Flourish with Food: The Med Approach to Fish & Seafood

Beginning in May, Flourish with Food has focused on the Mediterranean Diet (Med approach). Once again…. it’s an overall healthy way of eating inspired by the traditional eating patterns of people living in the Mediterranean region.   

Just a reminder that the Mediterranean Diet Pyramid depicting the region’s foods and how often they’re eaten is available at www.oldwayspt.org.  Getting closer to the pyramid’s foundation, this month’s feature is Fish & Seafood - Eat often, at least two times per week.

You may ask…what’s the difference between fish & seafood?  Seafood is any food from the sea.  Fish have a backbone, gills for breathing and fins for swimming. In comparison, shellfish have a hard shell that covers their body rather than a backbone. Thus, seafood includes both fish (salmon, tilapia, tuna) and shellfish (crab, shrimp, lobster).  However, the term “fish” is often used to mean both fish and shellfish.

“Fish” is a great source of high-quality protein and healthy omega-3 fats. While all fish contain some omega-3s, salmon, mackerel and sardines contain much more. Although fish is versatile and easy to cook, most adults eat less than the recommended 8 ounces total each week. 

Potential challenges: (1) taste, smell or texture issues, (2) short 1-2 days storage time between buying fresh and cooking, and (3) concerns related to mercury contamination, sustainability or how it’s caught.

For guidance related to sustainability: https://www.seafoodwatch.org   

For concerns related to mercury content: https://www.fda.gov/food/consumers/advice-about-eating-fish

For tips on how to buy and store fresh fish: https://www.allrecipes.com/article/how-to-choose-fresh-fish

Buying frozen and canned fish is often more practical and convenient than buying fresh.  

Frozen fish – often portion-sized - can be stored up to 8 months before the quality begins to fall off. Thawed pre-cooked frozen shrimp, served with a spicy cocktail sauce, is instant protein in a meal.

Canned and no-drain-pouch fish, such as tuna, salmon and sardines, have best-by dates often a couple years out. The single-serve pouch tuna and salmon are super convenient.  I especially like StarKist’s E.V.O.O. Wild Caught Pink Salmon (pouch) on top of a green salad.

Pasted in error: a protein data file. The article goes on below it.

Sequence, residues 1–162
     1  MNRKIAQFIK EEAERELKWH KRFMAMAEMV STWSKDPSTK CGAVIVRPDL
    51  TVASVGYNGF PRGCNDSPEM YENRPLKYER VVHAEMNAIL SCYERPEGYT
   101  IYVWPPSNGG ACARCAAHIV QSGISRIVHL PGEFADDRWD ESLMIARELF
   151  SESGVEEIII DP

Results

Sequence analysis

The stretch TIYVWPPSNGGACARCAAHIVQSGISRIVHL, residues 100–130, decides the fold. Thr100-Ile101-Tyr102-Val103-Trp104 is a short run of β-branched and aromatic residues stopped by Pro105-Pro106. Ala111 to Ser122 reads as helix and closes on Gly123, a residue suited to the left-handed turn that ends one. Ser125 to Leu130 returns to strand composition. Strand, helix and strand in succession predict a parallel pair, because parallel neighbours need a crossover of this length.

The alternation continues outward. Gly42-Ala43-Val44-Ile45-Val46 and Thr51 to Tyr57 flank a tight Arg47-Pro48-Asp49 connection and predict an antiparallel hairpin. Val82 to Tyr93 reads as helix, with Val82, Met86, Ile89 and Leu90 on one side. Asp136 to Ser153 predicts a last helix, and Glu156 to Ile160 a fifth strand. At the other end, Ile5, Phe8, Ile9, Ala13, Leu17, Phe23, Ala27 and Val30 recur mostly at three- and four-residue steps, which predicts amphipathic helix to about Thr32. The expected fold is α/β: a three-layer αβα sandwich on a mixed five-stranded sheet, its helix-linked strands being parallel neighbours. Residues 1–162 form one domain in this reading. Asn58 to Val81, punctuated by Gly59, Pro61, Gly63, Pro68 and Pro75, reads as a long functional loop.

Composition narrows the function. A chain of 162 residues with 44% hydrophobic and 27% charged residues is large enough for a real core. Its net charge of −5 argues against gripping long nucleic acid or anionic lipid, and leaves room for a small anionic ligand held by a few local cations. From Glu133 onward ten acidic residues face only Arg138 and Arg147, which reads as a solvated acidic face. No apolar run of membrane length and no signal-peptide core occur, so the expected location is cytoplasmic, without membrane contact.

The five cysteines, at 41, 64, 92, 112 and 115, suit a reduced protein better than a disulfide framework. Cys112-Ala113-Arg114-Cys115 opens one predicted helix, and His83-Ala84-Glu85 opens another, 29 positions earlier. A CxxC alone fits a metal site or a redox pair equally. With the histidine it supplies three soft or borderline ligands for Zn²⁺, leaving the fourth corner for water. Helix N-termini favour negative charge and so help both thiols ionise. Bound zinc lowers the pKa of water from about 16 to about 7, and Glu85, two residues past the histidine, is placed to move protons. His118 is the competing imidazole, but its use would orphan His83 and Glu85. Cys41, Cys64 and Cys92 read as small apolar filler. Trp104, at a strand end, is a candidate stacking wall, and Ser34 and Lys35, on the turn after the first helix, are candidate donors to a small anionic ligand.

The fishiness and texture of canned fish varies by brand, grade, price, and water versus oil packed. For instance, solid white albacore tuna in water is often milder and doesn’t overwhelm other flavors in a dish. 

For a 2021 test kitchen’s review of tuna brands: https://www.tasteofhome.com/article/best-tuna-brands

Healthier Mediterranean Tuna Salad

2 (5 oz) cans chunk light tuna in water, drained

¼ c. finely chopped red onion

¼ c. chopped fresh parsley

3 Tbsp. olive oil

2 Tbsp. freshly squeezed lemon juice

½ tsp. lemon zest

¼ tsp. salt

¼ tsp. black pepper

  1. Combine tuna, onion and parsley in a medium bowl.
  2. Whisk oil, lemon juice, lemon zest, salt and pepper to make the dressing.  Toss with the tuna mixture.

Source: www.allrecipes.com Servings: 4

Really Easy Chowder

1 (14.5 oz) can diced tomatoes

3 stalks celery, chopped

1 tsp. dried oregano

1 tsp. dried basil

Salt and pepper, to taste

½ pound frozen cod fillets

  1. In a medium sized pot place undrained tomatoes, celery, oregano, basil, salt and pepper.  Bring to a boil over medium heat.
  2. Place frozen cod fillets in the pot.  Cook until mixture is heated through and fish is opaque and flaky.  Thin with a little water if desired.

Source: www.allrecipes.com Servings: 2-4

MLH idea:  For a Med Approach touch, add sliced black or kalamata olives, to taste.  Serve over rice for a main entrée.

About Mary Lynne Hixson, MA, RD:

Mary Lynne, a registered dietitian, helps others enhance their health through the advocacy of nutrient-rich food choices and safe food-handling practices. Her expertise also includes counseling patients who have Type 2 diabetes and advising those who are in medically-managed weight loss programs. After her 35+ year career, she retired and became involved with the launch of Harvest of Hope Pantry in 2012 as a Board of Directors member. Mary Lynne is a weekly volunteer with Cultivate’s Carry-Out Caravan program, shopping and delivering groceries to seniors in the Boulder area, and also a frequent volunteer with Harvest of Hope.